I started playing music in high school, becoming more active and meeting many different people. Tokyo was a great environment to learn music. There’s access to so many venues and record shops, everything is so convenient. At the same time, Tokyo almost has too much convenience, too much information and noise. This has shaped my style in music and art for sure.

London was a completely different environment when I first decided to move. I have learned so much about ‘indie music,” especially what I didn’t like about it. I was inspired more by bass music/sound system and the diversity of the London metropolis. The variety of cultures, thoughts and religions made me re-think how I grew up in Japan. I’m still Japanese and proud but I would also call myself an alien now.

FAR–NEAR What’s the most important thing in life?

Taigen Even though I often ask myself “do I still love music?” My answer would be music. If I hadn’t started playing, I probably would not be living in London right now. Music definitely gave me hope and a reason to live. It brought me to many different countries and I have met so many people through it. I am always thankful for the people and places I have been, and I owe it to music.

FAR–NEAR Where do you find inspiration?

Taigen Pro-wrestling is my main inspiration, it was my biggest obsession before I got into music. I’ve always been captivated by how wrestlers use their bodies, how they posture, move and most importantly express through their faces. Wrestling entrance music was also my favorite music when I was younger. It is a mix between 80’s metal, rap, disco, techno, and many other kinds of music.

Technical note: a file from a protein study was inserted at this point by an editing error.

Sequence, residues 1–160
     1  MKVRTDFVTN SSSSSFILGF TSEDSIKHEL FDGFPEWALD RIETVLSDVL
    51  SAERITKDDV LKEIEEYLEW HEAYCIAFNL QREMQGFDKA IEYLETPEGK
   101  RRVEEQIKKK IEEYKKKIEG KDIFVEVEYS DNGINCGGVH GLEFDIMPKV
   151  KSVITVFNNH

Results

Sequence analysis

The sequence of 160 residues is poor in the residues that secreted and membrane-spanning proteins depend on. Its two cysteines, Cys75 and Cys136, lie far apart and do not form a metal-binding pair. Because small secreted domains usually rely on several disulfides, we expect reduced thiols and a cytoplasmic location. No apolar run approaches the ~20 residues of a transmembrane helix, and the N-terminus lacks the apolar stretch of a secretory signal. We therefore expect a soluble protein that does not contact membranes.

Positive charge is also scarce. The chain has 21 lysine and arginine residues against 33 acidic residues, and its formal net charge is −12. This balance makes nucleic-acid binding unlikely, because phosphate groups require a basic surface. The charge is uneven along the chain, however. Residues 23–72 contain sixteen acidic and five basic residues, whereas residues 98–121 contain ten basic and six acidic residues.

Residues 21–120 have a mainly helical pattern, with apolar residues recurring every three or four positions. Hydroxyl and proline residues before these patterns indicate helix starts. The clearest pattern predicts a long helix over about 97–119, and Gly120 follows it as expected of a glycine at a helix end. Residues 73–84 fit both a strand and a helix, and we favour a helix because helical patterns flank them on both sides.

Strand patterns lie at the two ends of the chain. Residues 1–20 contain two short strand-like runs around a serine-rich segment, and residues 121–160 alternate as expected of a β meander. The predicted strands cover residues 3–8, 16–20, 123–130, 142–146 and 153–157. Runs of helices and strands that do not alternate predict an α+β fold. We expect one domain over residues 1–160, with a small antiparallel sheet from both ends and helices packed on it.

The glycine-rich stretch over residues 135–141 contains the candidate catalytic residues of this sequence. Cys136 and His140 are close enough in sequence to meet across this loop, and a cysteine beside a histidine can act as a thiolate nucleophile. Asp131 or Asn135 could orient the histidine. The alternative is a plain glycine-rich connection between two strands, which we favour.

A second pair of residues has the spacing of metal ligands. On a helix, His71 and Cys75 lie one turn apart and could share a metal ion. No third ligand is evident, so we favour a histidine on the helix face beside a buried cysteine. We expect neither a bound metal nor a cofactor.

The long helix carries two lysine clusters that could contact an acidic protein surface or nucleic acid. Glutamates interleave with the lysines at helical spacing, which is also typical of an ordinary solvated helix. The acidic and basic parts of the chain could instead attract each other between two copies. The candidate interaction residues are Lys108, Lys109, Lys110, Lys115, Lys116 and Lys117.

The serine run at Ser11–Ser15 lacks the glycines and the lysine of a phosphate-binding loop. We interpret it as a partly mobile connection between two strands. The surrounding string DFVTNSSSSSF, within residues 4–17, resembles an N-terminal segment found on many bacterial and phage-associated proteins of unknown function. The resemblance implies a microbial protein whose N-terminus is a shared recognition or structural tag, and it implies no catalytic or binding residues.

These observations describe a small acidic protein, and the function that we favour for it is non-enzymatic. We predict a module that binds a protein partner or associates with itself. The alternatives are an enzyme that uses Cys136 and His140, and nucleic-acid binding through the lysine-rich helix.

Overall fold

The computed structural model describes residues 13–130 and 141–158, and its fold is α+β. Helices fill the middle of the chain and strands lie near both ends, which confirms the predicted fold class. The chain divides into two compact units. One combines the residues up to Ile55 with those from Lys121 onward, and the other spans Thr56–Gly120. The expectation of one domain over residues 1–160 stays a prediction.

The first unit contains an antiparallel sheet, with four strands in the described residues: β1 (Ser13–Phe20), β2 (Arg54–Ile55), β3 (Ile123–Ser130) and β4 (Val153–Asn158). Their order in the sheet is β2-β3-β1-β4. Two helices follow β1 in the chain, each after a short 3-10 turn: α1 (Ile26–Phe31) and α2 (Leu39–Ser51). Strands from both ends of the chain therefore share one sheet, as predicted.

FAR–NEAR When do you feel your most vulnerable?

Taigen When I’m onstage. I feel simultaneously strong and extra sensitive in front of all those people.

FAR-NEAR What do you feel should be the relationship between masculinity and vulnerability?

Taigen Growing up in Tokyo and London, I feel as though I’ve avoided the stereotypical sense of masculinity in myself. If I grew up in different city, I might have felt pressure to be more masculine. I do feel like nowadays, we are gradually changing globally where you no longer need to prove your masculinity in order to protect yourself or belong. I respect people who go against societal pressures, especially in relation to gender norms. We all have to be ourself, there’s no need to put ourselves in one category.

FAR–NEAR Who were your idols growing up?

Taigen So many wrestlers, and Les Claypool (from Primus) is my forever bass hero.

FAR–NEAR What do you want to see changed in your society?

Taigen I want people to be able to express themselves freely, whether through thought, music or personality.

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Featuring

Taigen Kawabe

Photography

Adjorka

Words

FAR–NEAR